Fearing that an avalanche of mud would hit his mountain village in western Georgia, in 2008 Malkhaz Mgeladze packed up his life and relocated to gentler hills in the eastern Kvemo Kartli region. The threat of a landslide was looming – in fact, the danger had been growing for a long time and he did not want to be caught in the village when it happened. The journey for a new home took the then-24-year-old to Trialeti, a village of roughly 500 people - a tiny melting pot of ethnicities and faiths where Orthodox Georgians have long been a minority.
Like many eco-migrants from the region of Adjara, Mgeladze is Muslim. Malkhaz Mgeladze is a descendant of Georgians who likely adopted Islam during Ottoman Turkey’s control of the region from 1614 to 1878. Under the state-imposed atheism of the USSR, being Muslim or Christian mattered little, but, as the Soviet Union melted, religion and national identity merged and Orthodox Christianity become a paradigm for being a true Georgian. So when the first Muslims arrived in Trialeti in 2004 from environmentally unstable Adjara, they struggled to fit in. The suspicion dissolved soon and the Muslims became integral part of a diverse community of ethnic Armenians adhering to the Apostolic Church and ethnic Greeks, followers of the Greek Orthodoxy.
In fact, the village’s whole history is rooted in religious freedom.
Trialeti was founded in 1857 by German settlers who had started settling in Georgia in the early 1800s. In 1815, during a journey in southern Germany, Tsar Alexander I of Russia was struck by the persecution that peasants of non-Lutheran Protestant faiths suffered. He offered those communities the chance to relocate in the Caucasus, including Georgia’s capital and the Kvemo Kartli region. The first settlers arrived in Tbilisi the fall of 1818 and later migrant groups founded Katharinenfeld (modern-day Bolnisi), Elisabethtal (current Asureti) and then Alexandershilf - today’s Trialeti.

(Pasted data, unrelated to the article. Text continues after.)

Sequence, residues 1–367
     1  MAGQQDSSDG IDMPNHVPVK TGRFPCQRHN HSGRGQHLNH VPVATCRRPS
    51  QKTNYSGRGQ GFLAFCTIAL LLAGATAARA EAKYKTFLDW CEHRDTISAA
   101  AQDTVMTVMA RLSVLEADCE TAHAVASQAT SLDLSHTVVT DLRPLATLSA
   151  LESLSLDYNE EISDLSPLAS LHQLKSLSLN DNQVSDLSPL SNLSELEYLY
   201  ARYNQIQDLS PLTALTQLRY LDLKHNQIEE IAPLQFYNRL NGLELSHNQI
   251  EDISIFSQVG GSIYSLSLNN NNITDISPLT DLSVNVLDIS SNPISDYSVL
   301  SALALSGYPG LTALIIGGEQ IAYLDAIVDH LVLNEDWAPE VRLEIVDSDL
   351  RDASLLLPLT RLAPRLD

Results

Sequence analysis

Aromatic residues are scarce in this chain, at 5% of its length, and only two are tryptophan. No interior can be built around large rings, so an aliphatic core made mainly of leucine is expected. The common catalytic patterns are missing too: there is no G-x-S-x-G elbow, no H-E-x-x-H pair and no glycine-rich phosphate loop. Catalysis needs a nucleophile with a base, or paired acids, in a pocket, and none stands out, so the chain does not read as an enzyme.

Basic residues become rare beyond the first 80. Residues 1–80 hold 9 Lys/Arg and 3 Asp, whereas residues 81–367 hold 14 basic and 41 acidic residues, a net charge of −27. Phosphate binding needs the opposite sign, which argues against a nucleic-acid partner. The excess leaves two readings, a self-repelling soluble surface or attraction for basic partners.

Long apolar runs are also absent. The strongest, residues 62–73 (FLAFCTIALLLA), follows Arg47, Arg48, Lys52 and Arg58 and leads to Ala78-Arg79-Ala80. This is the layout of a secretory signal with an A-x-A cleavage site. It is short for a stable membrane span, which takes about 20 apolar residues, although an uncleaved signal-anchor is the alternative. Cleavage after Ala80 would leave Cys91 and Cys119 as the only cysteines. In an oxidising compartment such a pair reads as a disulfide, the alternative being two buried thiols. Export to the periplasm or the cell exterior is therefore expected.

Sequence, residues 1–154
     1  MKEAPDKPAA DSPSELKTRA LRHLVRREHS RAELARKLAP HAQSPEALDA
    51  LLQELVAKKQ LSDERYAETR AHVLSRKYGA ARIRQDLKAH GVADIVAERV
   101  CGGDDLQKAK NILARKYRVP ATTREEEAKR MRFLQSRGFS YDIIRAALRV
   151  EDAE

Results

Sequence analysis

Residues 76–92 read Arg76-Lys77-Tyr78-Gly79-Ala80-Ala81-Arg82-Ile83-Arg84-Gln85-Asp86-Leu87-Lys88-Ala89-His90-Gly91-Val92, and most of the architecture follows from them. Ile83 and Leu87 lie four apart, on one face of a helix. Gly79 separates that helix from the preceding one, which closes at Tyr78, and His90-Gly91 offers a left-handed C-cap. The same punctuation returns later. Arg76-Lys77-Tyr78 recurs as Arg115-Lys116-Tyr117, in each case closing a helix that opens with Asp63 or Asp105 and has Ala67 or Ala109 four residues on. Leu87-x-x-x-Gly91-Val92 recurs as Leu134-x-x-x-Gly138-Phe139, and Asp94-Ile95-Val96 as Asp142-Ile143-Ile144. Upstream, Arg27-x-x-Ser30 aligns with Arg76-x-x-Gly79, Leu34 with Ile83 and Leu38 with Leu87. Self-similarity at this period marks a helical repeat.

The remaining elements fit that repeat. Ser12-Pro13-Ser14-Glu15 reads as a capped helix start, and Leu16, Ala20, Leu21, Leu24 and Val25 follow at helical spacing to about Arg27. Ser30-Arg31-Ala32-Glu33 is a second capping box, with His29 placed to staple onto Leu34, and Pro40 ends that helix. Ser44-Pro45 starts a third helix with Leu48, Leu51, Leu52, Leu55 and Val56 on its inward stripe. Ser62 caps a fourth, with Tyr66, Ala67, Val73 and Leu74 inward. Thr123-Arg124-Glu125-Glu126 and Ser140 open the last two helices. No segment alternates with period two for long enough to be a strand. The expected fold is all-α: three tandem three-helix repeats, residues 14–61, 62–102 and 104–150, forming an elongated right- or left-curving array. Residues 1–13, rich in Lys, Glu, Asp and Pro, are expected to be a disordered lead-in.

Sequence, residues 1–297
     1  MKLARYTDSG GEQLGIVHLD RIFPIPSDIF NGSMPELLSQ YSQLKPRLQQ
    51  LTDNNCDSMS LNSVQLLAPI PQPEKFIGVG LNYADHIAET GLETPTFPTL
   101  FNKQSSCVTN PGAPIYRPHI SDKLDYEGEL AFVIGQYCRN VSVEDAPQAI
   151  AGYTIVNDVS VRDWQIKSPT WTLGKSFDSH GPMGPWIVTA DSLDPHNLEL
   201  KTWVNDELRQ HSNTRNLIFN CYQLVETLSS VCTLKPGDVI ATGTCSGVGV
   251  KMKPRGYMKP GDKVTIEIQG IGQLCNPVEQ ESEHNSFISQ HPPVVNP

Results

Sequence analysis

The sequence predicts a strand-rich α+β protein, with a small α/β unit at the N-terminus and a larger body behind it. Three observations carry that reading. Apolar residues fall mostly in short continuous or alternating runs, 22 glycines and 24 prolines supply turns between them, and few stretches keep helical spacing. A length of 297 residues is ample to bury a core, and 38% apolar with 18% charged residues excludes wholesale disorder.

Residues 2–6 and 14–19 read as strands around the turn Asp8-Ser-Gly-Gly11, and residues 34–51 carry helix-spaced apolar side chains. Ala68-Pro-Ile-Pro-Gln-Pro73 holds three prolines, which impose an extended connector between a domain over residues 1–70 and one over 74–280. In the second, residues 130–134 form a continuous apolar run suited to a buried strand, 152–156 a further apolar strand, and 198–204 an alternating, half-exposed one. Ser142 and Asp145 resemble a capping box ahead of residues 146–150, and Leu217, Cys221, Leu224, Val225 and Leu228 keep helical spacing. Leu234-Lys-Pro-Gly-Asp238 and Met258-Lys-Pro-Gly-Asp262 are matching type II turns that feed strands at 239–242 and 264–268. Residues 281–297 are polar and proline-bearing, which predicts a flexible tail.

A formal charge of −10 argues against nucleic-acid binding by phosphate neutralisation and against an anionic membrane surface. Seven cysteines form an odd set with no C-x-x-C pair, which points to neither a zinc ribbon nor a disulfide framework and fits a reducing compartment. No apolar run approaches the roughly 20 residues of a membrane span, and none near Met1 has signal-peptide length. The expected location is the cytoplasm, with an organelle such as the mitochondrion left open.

The Germans left their imprint in the architecture and in 1866, free to practise their faith, they built an Evangelical-Lutheran church - to date, it remains the only one in the village. It functioned until the Soviets prohibited religious services, in the 1930s. Under the communists, it served as a warehouse, a club, a cinema theatre before being abandoned and left to decay. In 2017 it was finally restored – to the delight of its Armenian and Greek Orthodox residents who have been using it to pray, albeit informally, and hang their icons. They call it the “kirkhe”, from “kirche”, the German word for church.
Today Mgeladze and the 180 Muslim families in Trialeti pray at the local mosque, a former Greek house that they turned into a place of worship in 2010. On Fridays and religious holidays the building is full, notes Shalva Vanadze, the 76-year-old local imam, but during the week, daily life takes over religious practises.
The village that once attracted so many is struggling today – houses lack access to drinking water, gas or electricity and the harsh winters, isolation and lack of opportunities push residents to seek a better life either in larger cities or abroad.
Now there is a risk that this kaleidoscope of ethnicities and faiths could fade and disappear - like its Protestant founders.
This story has been corrected to show that Orthodox Georgians were the minority in the village.
September, 2018 Religious Beliefs